"Let's not talk about what we can do, but do what we can"

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harmony

  • Joined Feb 2012
Re: Sheep grazing pig pens
« Reply #4 on: October 19, 2022, 08:00:00 pm »
Pig worms are host specific. If your weaners were wormed correctly and you had no reports of milk spot in the liver when you took them to slaughter I wouldn't think you need to worry about worms.


Liquid pig slurry can have heavy metal contamination, there is lots of info on the net. I wouldn't have thought pig slurry was a feature of your pig pens and the ground has been fallow for a year. You could get a soil test.


I would think your sheep would be more at risk from taking on previously grazed sheep pasture than grazing a small area that wasn't used intensively for pigs and that has been standing a year.

Richmond

  • Joined Sep 2020
  • Norfolk
Re: Sheep grazing pig pens
« Reply #5 on: October 20, 2022, 09:03:13 am »
Thanks everyone.

All our pigs are wormed either just prior to arrival by the seller (we buy from a couple of reputable breeders) or by ourselves on arrival. Never had an issue with milk spot.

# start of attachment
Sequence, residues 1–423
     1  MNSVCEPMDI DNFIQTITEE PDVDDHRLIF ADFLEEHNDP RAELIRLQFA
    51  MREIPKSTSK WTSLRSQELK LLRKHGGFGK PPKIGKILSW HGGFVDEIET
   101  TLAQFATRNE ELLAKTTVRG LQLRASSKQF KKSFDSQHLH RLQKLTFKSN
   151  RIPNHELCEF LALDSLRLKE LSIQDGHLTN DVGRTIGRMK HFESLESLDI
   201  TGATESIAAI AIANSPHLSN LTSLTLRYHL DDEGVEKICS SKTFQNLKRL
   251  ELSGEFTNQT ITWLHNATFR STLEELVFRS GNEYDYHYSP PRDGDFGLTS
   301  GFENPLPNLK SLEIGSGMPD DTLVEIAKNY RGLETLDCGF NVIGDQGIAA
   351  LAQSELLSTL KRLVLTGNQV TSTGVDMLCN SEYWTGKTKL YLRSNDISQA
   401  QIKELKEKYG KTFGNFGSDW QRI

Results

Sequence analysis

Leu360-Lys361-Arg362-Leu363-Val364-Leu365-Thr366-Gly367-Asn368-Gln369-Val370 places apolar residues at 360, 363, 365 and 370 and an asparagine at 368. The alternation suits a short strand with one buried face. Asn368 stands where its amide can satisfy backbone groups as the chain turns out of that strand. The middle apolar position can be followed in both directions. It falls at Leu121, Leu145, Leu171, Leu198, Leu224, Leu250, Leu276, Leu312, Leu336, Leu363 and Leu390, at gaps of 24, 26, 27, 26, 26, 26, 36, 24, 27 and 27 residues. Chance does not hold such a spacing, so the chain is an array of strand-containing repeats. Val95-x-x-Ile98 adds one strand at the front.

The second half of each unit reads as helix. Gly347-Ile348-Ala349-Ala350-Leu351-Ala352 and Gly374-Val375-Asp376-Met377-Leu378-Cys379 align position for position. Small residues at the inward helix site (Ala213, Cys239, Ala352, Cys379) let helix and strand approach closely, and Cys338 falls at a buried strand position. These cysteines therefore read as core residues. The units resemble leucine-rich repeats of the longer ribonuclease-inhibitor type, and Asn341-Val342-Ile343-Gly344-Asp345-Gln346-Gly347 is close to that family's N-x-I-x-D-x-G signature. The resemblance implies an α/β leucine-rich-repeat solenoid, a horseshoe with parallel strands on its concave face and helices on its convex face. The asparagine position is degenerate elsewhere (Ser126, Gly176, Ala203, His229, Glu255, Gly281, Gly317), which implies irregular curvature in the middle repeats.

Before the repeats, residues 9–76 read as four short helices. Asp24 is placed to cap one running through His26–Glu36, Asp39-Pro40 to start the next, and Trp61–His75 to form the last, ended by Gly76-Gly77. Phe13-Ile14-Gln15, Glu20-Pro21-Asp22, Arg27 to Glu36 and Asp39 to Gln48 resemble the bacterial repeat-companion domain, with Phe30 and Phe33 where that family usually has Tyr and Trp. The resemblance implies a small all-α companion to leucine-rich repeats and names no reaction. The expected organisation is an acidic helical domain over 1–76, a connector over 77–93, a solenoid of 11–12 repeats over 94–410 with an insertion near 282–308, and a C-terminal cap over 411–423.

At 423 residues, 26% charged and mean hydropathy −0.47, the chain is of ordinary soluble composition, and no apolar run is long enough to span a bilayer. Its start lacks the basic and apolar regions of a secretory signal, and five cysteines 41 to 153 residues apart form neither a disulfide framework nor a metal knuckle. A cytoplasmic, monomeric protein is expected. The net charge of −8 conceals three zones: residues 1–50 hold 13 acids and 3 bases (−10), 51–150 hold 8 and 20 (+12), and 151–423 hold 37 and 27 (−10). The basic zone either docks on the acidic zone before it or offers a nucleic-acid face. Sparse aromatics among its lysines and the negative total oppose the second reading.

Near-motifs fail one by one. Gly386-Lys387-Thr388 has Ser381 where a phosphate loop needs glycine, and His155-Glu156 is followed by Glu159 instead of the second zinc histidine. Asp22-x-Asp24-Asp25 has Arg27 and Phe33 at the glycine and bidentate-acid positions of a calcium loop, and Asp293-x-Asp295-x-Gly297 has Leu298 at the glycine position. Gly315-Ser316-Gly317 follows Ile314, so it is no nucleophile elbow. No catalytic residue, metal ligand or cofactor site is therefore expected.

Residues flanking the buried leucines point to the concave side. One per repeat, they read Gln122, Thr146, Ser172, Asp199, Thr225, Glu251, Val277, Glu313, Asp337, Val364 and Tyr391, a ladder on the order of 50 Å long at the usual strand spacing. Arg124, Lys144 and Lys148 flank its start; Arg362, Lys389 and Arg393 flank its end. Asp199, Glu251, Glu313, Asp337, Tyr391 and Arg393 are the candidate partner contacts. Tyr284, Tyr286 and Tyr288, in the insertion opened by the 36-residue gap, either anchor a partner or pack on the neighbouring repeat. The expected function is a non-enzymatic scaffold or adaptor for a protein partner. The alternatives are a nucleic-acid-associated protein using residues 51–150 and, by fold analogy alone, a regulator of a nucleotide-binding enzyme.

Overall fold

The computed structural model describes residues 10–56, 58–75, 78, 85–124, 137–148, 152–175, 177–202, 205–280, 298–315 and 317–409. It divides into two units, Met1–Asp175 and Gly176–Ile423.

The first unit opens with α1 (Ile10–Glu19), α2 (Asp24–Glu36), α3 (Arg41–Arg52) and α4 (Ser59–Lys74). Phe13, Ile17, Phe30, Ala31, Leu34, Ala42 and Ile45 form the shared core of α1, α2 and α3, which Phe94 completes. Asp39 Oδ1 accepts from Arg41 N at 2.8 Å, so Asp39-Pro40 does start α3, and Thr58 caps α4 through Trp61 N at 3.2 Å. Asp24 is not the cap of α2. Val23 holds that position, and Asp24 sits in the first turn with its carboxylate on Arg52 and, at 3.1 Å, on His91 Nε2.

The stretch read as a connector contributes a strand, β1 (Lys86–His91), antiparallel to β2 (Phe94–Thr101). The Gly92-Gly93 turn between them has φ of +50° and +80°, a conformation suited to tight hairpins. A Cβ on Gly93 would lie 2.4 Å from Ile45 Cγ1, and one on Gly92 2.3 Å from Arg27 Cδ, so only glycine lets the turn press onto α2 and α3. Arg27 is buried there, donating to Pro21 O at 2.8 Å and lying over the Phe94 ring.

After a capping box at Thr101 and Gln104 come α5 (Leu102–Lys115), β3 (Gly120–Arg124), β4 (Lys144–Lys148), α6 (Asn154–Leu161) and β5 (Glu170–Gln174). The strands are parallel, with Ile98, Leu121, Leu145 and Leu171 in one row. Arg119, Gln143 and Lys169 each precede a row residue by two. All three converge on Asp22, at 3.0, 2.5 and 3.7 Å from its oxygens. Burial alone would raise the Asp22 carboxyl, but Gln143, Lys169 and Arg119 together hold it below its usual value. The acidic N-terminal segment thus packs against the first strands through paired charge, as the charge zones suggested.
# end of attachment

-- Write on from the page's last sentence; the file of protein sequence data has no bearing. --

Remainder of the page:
However to be on the safe side I'll keep the sheep off the area and just leave it for next year's weaners to have fun with.

Womble

  • Joined Mar 2009
  • Stirlingshire, Central Scotland
Re: Sheep grazing pig pens
« Reply #6 on: October 20, 2022, 12:18:45 pm »
It's the pig feed that will have copper in it. I don't know for sure, but I suspect this is because it contains spent (dark) grains from distilleries. The copper in the stills takes part in the distillation, and is gradually eaten away. It's these residues which end up in the dark grains.


We do let sheep graze our pig pen when there aren't pigs in there, but because this is just a small area of a larger field, I've not let it worry me yet at least!
"All fungi are edible. Some fungi are only edible once." -Terry Pratchett

PipKelpy

  • Joined Mar 2019
  • North Shropshire
  • Dreamer with docile cow and sheep!
Re: Sheep grazing pig pens
« Reply #7 on: October 20, 2022, 01:52:27 pm »
They are a mixed flock of Soay and Wiltshire Horn, although it would be the lambs I'd be putting in, who are a cross of the two breeds. It's not vital it gets grazed, rather that I though the sheep might appreciate a bit of fresh green grass!